While they seem like larger than life figures, professional athletes are more like us than we’d like to imagine. As fans, we’re used to seeing them on television or in person making spectacular plays and showing off great skill that, to us, look so completely unattainable that it makes them seem – for lack of a better word – invincible. But the sad truth that hit fans and athletes alike is that they’re as human as we are. That point is only made clearer when news of a sports figure passing on reaches the public’s ear.
Every year it seems like there’s always one great athlete who passes on. Usually they’re an all-time great from an older era of their respective sport. While it’s sad, you’d expect someone who’s a little older in age to pass away at one point and while it might be sad, the news is hardly unexpected. However, there are those times where the news of an athlete’s passing comes down as a huge shock. That’s when a young athlete passes away. Anytime a young man dies, regardless of their profession, it comes as a shock to all who knew him. When a pro athlete dies in their prime, it’s seen as a tragic waste of what could’ve been a potentially great career.
Out of all the great athletes who’ve left this world too soon, this list will focus on those who were right in their respective primes when they passed. Out of all the potential what-if scenarios in sports, be it trades, early retirements or free agency signings, the death of a young star proves to be the most frustrating. Some of these men died due to freak health conditions, others because of automotive accidents. Regardless of the reason, their deaths were tragic and left an impact on the sports world that is still felt to this day.
In honor of these great athletes here are the top 15 athletes who died in their prime.
15. Pelle Lindbergh
Though his career only lasted five years, Pelle Lindbergh made an impact in the league during his short tenure as an NHL goalie. His career with the Flyers saw him named the goalie for the 1983 NHL All-Rookie team and he was also the first European to win the Vezina Trophy in 1985. That same year, Lindbergh left the Flyers facility after a team gathering. Sometime after leaving, he was killed in a car accident while driving intoxicated. At the end of the 1985-86 season, he was posthumously voted to that year’s All-Star team and was honored by the Flyers when they named their annual most improved player award after him.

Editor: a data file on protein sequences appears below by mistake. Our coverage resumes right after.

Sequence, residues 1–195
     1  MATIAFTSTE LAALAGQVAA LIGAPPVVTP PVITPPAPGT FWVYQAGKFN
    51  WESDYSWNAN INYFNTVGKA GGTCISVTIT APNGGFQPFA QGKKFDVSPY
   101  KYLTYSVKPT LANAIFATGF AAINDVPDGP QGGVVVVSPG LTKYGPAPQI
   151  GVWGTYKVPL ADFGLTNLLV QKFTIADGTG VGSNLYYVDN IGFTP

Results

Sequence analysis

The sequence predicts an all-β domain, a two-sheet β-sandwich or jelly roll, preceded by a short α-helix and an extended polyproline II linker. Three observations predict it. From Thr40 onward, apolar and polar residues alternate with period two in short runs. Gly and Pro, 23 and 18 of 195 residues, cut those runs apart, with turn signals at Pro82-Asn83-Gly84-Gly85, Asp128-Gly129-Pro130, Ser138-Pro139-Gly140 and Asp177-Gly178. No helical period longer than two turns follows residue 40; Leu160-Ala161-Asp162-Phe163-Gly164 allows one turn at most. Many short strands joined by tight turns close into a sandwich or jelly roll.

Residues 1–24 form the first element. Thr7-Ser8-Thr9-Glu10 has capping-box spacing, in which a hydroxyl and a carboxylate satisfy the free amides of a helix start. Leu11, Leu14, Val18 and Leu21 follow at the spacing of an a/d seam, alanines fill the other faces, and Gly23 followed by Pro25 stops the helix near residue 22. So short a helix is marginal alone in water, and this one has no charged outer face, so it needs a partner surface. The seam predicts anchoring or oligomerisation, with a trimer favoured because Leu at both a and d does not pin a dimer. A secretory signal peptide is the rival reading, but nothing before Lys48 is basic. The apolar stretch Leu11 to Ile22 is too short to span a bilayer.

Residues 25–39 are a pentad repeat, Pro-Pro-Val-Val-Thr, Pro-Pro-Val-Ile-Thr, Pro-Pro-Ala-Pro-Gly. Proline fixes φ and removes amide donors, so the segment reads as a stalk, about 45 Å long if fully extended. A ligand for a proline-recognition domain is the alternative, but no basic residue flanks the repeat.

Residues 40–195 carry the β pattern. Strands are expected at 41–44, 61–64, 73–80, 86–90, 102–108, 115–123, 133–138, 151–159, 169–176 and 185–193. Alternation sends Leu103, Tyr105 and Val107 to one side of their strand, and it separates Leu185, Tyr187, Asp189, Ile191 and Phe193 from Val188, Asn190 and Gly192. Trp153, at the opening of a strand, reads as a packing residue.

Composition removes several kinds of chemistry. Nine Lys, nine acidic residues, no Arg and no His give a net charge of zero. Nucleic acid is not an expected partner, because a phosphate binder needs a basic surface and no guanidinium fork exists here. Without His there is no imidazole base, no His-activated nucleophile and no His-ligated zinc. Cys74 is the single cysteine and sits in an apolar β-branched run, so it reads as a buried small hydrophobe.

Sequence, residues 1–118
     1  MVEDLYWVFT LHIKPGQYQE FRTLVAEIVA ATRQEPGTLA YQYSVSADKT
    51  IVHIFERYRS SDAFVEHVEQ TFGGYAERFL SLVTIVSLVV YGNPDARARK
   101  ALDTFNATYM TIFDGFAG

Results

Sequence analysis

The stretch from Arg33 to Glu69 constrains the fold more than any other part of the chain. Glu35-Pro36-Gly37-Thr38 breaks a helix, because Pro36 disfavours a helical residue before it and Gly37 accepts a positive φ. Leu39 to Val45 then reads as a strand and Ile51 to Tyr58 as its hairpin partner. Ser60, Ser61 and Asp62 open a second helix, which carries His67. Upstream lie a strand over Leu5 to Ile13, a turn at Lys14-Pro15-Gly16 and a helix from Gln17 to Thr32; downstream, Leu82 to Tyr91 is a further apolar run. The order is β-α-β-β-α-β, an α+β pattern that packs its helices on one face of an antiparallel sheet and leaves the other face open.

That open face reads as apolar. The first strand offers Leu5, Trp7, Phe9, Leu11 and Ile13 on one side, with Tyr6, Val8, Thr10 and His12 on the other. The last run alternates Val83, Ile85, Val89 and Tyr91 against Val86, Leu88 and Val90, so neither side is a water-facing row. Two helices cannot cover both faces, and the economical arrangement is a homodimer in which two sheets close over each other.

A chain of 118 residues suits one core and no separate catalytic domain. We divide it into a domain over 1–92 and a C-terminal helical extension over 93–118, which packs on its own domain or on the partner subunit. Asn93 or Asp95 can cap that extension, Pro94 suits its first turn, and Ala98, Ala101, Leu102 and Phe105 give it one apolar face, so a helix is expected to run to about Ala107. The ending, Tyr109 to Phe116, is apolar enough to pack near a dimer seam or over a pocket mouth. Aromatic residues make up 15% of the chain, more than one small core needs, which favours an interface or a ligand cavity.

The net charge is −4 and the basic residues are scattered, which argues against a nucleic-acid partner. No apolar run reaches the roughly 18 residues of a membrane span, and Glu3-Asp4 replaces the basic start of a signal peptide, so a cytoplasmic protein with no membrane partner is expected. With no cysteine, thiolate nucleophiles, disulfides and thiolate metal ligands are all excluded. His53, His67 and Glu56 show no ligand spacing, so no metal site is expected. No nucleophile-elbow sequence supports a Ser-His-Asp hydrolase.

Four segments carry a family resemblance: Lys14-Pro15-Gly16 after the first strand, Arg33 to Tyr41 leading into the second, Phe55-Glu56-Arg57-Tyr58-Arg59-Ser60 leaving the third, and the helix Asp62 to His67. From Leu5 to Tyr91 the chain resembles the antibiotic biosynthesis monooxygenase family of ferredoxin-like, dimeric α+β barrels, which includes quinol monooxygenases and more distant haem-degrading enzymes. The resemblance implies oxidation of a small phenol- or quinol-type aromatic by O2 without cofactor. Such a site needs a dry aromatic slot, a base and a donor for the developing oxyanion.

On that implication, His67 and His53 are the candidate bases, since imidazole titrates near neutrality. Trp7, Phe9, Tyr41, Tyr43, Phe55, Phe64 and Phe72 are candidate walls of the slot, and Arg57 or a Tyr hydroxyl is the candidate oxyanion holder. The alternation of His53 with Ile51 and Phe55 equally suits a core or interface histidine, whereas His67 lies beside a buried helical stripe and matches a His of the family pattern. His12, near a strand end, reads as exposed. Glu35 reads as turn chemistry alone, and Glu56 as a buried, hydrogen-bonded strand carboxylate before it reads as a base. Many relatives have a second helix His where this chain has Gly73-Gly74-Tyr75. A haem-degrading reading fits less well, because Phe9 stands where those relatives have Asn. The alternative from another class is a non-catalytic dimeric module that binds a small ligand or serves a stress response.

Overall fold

14. Hank Gathers
Hank Gathers hadn’t even yet made it to the NBA but was showing tremendous potential at the collegiate level. He’d become only the second player in NCAA history to lead all other collegiate players in rebounds and points in the same season. He and Layola Maymount were looking to go far into the playoffs. And with the way Gathers was playing, there was no reason to bet against them. However, tragedy soon ensued on the court as Gathers fell to the floor after an alley-oop. He’d died on the court. The condition is known as hypertrophic cardiomyopathy, a heart irregularity that affects the muscles inside the heart. It’s one of many heart related incidents that would take the lives of numerous young athletes.